“Hail, Caesar!,” the latest from filmmaking duo Joel and Ethan Coen, is a screwy, bitterly comedic collage of a film — at least, when looked at on its own. However, its highly referential nature, featuring blink-and-you’ll-miss-it nods to everything from Hitchcock to Monty Python, does not merely ask, but demands that “Hail, Caesar!” be looked at in a larger context, just as one piece of a much bigger puzzle.
Like most Coen films, the complex plot can be explained in both a sentence and several pages detailed in full, so here is the short version: “Hail, Caesar!” follows a day in the life of Eddie Mannix (Josh Brolin), a Capitol Pictures studio executive in 1951, as he handles a series of crises, including the potential scandal posed by the pregnancy of an unwed leading actress and the kidnapping of superstar actor Baird Whitlock (George Clooney), all while contemplating a tempting job offer from Lockheed Corporation, an aerospace company.
Coen brothers films are known for their scattered plots, consisting of a wide array of bizarre scenes loosely connected through the involvement of a central character (in this case, Manni). Unsurprisingly, this often results in a sort of fundamental ambiguity. Their films play with numerous ideas and attitudes, and in doing so avoid committing to any one in particular. In less than two hours, “Hail, Caesar!” touches on everything from politics to religion to economics. In one early scene, Mannix is holding a conference with a rabbi, a priest, a minister and an Eastern Orthodox patriarch, wanting their approval on the theological elements of “Hail, Caesar!: A Tale of the Christ,” Capitol Picture’s latest biblical epic (and blatant homage to “Ben-Hur”), still in production. Within five minutes we go from that to a mesmerizing synchronized swimming number. From that, we go directly to the set of a romantic drama, where the horribly miscast up-and-coming Western star Hobie Doyle, brilliantly played by relative newcomer Alden Ehrenreich, unsuccessfully but earnestly tries to follow the directions of the distinguished director Laurence Laurentz.
While the Coen brothers’ are known for their identity issues, their filmmaking is not. They are amongst the most easily recognizable and stylistically consistent filmmakers working today, in no small part due to their team of reoccurring collaborators both in front of the camera and behind it. The cast of “Hail, Caesar!” features a slew of Coen veterans, including Brolin, Frances McDormand and George Clooney. The crew is also largely composed of the usual suspects: composer Carter Burwell, cinematographer Roger Deakins, production designer Jess Gonchor and costume designer Mary Zophres, among others (the Coens edit their films themselves; Roderick Jaynes, credited as the editor, is a pseudonym).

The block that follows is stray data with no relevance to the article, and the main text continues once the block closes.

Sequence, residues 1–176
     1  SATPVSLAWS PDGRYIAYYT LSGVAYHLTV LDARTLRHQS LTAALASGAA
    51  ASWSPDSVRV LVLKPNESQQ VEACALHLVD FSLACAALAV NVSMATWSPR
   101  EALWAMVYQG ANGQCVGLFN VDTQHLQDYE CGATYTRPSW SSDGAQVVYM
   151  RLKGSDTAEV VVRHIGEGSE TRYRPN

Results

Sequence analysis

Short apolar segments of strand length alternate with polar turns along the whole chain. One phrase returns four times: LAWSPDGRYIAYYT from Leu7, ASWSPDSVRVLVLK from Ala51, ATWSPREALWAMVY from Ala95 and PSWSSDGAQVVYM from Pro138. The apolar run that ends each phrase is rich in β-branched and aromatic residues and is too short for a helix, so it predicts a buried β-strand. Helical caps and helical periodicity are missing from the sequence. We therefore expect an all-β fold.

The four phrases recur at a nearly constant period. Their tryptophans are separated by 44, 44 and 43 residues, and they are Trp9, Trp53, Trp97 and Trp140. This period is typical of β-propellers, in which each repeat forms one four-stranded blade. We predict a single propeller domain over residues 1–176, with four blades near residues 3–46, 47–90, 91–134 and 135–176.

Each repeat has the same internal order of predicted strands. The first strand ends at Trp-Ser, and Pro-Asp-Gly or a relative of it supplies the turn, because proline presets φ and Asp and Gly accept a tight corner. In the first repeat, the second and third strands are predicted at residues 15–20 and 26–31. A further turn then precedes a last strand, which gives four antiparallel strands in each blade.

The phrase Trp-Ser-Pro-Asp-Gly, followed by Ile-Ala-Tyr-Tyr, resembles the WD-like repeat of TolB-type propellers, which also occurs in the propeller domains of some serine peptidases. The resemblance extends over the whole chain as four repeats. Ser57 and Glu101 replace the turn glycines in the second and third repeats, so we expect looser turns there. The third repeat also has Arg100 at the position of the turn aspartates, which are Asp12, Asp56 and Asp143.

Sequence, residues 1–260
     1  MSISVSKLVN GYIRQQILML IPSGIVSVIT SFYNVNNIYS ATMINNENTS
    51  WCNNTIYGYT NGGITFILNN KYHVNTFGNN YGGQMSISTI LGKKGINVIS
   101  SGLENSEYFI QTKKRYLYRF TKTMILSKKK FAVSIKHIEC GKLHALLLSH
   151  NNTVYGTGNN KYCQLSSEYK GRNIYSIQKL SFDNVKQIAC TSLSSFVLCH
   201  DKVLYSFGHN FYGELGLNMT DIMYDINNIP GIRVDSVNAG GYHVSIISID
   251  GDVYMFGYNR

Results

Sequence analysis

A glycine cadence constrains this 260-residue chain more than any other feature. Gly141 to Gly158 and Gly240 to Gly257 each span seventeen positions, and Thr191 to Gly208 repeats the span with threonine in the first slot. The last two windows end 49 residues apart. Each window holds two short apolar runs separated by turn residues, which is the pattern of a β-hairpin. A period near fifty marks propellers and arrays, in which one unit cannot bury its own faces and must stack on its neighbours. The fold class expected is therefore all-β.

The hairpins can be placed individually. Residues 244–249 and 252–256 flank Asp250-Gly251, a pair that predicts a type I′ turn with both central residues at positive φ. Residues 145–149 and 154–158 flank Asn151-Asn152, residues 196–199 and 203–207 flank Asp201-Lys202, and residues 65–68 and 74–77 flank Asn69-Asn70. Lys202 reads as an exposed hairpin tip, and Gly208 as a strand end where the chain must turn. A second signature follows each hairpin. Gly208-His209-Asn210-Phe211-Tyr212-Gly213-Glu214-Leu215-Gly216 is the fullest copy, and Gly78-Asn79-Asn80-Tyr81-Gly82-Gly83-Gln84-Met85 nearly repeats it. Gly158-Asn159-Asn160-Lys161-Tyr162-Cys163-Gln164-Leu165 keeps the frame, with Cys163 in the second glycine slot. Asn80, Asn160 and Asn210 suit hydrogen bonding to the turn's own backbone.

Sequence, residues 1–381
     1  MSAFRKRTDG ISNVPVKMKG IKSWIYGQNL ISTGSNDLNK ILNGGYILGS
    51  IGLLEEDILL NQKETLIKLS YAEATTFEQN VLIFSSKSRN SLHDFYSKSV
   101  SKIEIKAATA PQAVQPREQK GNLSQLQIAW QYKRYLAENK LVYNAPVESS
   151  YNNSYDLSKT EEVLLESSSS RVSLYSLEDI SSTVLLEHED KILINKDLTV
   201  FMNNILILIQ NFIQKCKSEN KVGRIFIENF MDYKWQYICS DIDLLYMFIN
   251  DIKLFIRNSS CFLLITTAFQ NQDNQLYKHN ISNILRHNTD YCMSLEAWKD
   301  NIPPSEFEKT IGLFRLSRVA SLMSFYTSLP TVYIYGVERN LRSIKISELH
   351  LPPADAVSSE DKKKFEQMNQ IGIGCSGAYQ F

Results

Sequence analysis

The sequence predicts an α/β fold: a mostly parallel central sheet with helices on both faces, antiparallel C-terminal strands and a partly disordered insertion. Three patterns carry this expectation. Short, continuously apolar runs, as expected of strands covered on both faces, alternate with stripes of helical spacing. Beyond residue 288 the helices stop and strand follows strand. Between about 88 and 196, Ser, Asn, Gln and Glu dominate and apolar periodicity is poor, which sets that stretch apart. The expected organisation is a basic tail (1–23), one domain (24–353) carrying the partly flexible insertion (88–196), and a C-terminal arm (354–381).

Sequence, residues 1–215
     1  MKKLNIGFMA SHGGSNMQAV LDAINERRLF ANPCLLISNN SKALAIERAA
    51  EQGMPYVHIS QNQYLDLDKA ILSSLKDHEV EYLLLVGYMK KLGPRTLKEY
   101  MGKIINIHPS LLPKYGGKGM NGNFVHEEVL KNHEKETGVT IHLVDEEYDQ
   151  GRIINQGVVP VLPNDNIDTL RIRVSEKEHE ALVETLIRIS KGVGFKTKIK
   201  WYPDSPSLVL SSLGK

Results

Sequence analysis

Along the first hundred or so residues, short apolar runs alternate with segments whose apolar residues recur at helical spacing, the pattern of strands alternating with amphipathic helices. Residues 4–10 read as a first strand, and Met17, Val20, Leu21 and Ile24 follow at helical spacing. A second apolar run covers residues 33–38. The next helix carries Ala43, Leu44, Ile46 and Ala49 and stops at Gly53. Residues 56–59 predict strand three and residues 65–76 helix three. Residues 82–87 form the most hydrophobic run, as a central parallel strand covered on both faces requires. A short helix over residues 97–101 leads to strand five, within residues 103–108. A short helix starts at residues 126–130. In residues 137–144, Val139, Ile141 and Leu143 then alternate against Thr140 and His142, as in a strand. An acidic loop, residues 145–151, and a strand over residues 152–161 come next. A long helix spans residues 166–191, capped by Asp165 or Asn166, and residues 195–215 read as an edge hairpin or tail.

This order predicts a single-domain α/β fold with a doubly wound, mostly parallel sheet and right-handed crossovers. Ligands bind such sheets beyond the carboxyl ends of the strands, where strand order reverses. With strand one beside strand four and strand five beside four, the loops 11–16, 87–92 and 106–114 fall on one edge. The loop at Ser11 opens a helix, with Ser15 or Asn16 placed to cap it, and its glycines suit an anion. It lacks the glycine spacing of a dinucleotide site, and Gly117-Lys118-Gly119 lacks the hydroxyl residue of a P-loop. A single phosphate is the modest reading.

A look at the Coens’ other films makes “Hail, Caesar!” much easier to categorize as a homage to Hollywood rather than a critique. Although critical at times, the film’s attitude and overall tone is positively doting when compared to “Fargo,” or even “The Big Lebowski”—it also highlights its flaws, because “Hail, Caesar!” is a good film from a creative team from whom we have come to expect greatness.
One of the Coens’ greatest strengths has always been their characters. They are responsible for some of the most intriguing and recognizable characters to grace the silver screen in recent memory, including Marge Gunderson, the quick-witted small-town police chief who also happens to be seven months pregnant, and the iconic Jeffrey “the Dude” Lebowski. Unfortunately, the characters of “Hail, Caesar!” are largely unremarkable (at least by Coen standards) despite the best efforts of the film’s all-star cast. The few exceptions are worth noting. C. C. Calhoun (McDormand), a rough-mannered editor is a one- scene wonder, and Hobie Doyle (Ehrenreich), a good-hearted, smarter-than-he-looks (or sounds) “singing cowboy” hoping to widen his appeal, is nothing short of delightful. But two out of an ensemble cast is hardly enough in such a character-centric film.
Other Coen trademarks to be found in their latest release include opening and closing narration, blackmail and kidnapping. “Hail, Caesar!” is the sixth film from the Coen brothers to feature kidnapping. Despite what the trailers would leave you to believe, kidnapping is used here much like it is in “The Big Lebowski.” It’s a plot device. But even when compared to “The Big Lebowski,” the attitude towards kidnapping in “Hail, Caesar!” is nothing short of blasé. When Whitlock wakes up in a strange house after being drugged and kidnapped, he seems far more confused than concerned. Confronting his kidnappers very quickly turns to friendly discussion. Over the course of one scene, Whitlock goes from waking up in a strange house to happily discussing economics and sharing finger sandwiches with his kidnappers, all without so much as a mention of the word “kidnapping.” It’s a very casual attitude towards a very serious topic, and considering that one of the few messages found consistently throughout the film is the idea that, in Mannix’s own words, “the picture has worth,” it’s a matter at least worth discussing. It’s not just the Coen brothers who have some questionable signature devices. Many beloved directors have their problematic trademarks, from Christopher Nolan’s dead love interests (wives especially; the only film of his to avoid this trope entirely, “Insomnia,” is also the only film of his which he was not involved in writing) to Woody Allen’s middle-aged protagonists and their barely legal conquests to just about everything that makes Quentin Tarantino, Quentin Tarantino. Discussing difficult topics is important, but making them part of your artistic signature is another thing entirely.